We all have to realize that we cannot expect any government to police us, to babysit us, to hold us accountable, to respect women, to drive while sober and tell us to pay our bills on time. Unless we want some hostile surveillance state with CCTV cameras everywhere a dozen sting operations a day. If Kejriwal is able to legislate successfully, with 67 seats I don’t see how not, then we can fully expect more power to be shifted to the hands of the common people. The very model depends on the responsible and competent conduct of the citizen body.
I fully anticipate the formation of new parties. There is already dissenting voices in the AAP party ranks and all kinds of hell is breaking loose with people going off road and making party meeting details public. This is a great thing. The AAP mission was to change the rules of the game and if you bring in new game you have to expect new players. I mean what kind of person would want to see a carefully planned expansion of AAP across the entire country with landslide victories and seas of those white caps. That is not Swaraj, its a hegemony of a party that is clearly imperfect. Besides, those white caps are boring beyond a point. I want to see new parties come up and challenge AAP with even higher standards for transparency and candidate selection, with better plans for rural development, with awesome ideas about green energy and local handicraft. Why stop at AAP, bring on the SAAP and the BAAP and while we’re at it even a PAAP. My ideal situation will be a set of AAP-like parties with different ideas battling it out all over India and getting all up in each other’s faces about every issue. That is decentralization, that is democracy, that is Swaraj. How banal for the AAP to just duplicate the Delhi-model in other states. That whole “duplicating state model in the whole country” schtick has already been tried and the jury is out on how awesome it really is.
Democracy is dirty. Delhi is a five year experiment. If you are between the ages of 20 and 35, you should be watching very very very carefully. The AAP has done what they set out to do. They have changed the rules of game. The Delhi Vidhan Sabha as of now is rapist-free unless one of those three candidates has something in the closet. We have leveled up. It is a new world and it is wide open. It is painful and unacceptable that we don’t have an amazing opposition who could keep the Kejriwal machine in check. Get off your asses. Stop using Facebook as a selfie-repository and ask for a password reset on that 10 year old blog you had started while slacking off before maths exams. Start a community radio station, don’t for God’s sake bribe anyone, get in line, get out of your head. You could be Chief Minister in 5 years. It’s time. Game on. Jai Hind.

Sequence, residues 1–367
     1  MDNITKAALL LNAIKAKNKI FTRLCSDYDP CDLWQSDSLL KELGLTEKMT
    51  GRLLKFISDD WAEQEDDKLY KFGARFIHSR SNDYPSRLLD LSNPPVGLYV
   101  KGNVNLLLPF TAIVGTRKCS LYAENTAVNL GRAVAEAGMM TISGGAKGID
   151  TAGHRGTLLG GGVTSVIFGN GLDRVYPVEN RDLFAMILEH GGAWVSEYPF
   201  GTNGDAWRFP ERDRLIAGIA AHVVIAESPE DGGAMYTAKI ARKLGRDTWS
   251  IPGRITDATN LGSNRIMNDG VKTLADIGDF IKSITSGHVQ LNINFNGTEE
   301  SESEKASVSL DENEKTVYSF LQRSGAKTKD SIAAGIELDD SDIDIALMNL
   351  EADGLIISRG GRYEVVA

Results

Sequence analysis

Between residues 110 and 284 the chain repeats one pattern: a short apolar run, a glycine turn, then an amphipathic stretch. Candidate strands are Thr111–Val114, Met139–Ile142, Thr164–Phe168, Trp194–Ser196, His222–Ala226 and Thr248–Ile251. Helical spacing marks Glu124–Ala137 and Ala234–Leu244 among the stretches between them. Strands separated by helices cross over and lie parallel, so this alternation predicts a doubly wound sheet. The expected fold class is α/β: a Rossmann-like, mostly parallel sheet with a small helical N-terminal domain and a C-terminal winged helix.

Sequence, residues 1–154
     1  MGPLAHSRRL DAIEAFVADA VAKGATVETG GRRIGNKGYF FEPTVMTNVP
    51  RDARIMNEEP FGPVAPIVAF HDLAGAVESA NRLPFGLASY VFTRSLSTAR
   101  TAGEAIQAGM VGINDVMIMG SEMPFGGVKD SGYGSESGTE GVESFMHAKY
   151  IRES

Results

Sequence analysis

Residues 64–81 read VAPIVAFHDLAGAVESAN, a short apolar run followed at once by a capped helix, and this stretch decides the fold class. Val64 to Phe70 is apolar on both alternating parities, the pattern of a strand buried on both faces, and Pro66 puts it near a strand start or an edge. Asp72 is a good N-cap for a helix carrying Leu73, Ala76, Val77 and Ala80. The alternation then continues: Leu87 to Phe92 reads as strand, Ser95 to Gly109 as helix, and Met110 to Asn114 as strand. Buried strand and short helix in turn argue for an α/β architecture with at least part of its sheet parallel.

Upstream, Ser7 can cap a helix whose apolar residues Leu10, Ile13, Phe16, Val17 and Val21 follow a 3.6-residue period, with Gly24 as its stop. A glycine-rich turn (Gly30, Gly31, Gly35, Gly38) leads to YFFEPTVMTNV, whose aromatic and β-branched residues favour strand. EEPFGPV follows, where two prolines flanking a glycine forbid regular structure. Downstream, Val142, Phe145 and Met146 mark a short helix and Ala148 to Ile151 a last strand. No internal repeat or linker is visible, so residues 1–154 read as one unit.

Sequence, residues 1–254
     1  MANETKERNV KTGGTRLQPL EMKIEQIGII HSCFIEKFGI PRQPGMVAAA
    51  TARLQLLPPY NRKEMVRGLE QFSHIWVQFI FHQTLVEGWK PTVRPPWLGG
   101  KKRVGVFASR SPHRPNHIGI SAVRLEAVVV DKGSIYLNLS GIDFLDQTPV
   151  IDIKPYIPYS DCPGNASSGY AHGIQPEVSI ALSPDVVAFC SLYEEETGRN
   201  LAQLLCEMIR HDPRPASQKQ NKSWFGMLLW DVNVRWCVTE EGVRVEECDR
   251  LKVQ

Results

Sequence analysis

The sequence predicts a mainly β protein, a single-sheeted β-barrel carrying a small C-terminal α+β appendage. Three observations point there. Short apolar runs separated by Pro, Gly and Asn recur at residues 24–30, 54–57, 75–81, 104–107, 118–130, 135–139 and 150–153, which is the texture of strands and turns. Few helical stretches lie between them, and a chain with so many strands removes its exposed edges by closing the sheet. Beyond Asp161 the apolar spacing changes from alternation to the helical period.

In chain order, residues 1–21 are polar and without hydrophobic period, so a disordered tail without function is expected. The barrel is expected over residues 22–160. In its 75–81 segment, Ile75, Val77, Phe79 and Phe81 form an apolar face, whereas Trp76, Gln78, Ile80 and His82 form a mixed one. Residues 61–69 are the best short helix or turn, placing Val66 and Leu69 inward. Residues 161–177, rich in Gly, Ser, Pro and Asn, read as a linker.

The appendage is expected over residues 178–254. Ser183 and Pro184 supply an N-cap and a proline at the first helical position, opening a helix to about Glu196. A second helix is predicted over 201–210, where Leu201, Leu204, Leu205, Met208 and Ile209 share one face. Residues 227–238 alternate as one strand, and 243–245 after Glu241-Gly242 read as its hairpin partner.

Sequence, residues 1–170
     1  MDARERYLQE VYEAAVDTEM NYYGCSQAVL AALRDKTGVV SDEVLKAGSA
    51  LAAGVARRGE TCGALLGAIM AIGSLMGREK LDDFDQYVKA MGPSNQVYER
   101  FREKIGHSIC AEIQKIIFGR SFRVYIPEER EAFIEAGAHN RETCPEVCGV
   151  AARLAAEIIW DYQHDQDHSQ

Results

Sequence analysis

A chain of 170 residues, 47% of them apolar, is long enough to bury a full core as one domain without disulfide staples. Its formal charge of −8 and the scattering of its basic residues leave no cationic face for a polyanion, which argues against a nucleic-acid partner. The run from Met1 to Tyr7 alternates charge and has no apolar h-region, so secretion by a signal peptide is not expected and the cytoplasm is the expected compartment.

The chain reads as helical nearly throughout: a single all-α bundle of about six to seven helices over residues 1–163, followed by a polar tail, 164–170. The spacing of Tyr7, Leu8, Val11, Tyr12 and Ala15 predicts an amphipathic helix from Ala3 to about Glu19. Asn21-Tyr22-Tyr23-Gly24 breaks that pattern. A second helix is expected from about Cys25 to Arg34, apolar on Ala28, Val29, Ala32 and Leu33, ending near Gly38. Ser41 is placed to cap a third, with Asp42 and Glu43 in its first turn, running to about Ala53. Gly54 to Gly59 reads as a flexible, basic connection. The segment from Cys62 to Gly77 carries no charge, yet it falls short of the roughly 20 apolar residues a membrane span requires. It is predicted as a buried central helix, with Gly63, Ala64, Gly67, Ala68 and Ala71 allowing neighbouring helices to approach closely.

February 16, 2015 § 3 Comments
Thank you for this beautiful day, spirit
This beautiful, beautiful, beautiful day
— Chant at the Noah Project singing group in Berkeley
There was a time not too long ago when my skin always looked good. Youthful, smooth. Now, it varies by the day. Sometimes I wake up with dark circles and other times I glow like a light bulb depending on how the day is going. It is as if it is a sensor for my internal state. Like an LED on a car dashboard. I woke up today with a puffy face, a dull reddish hue on my cheekbones. It was uncomfortably warm out and I had a lot of chores to do for my going away party.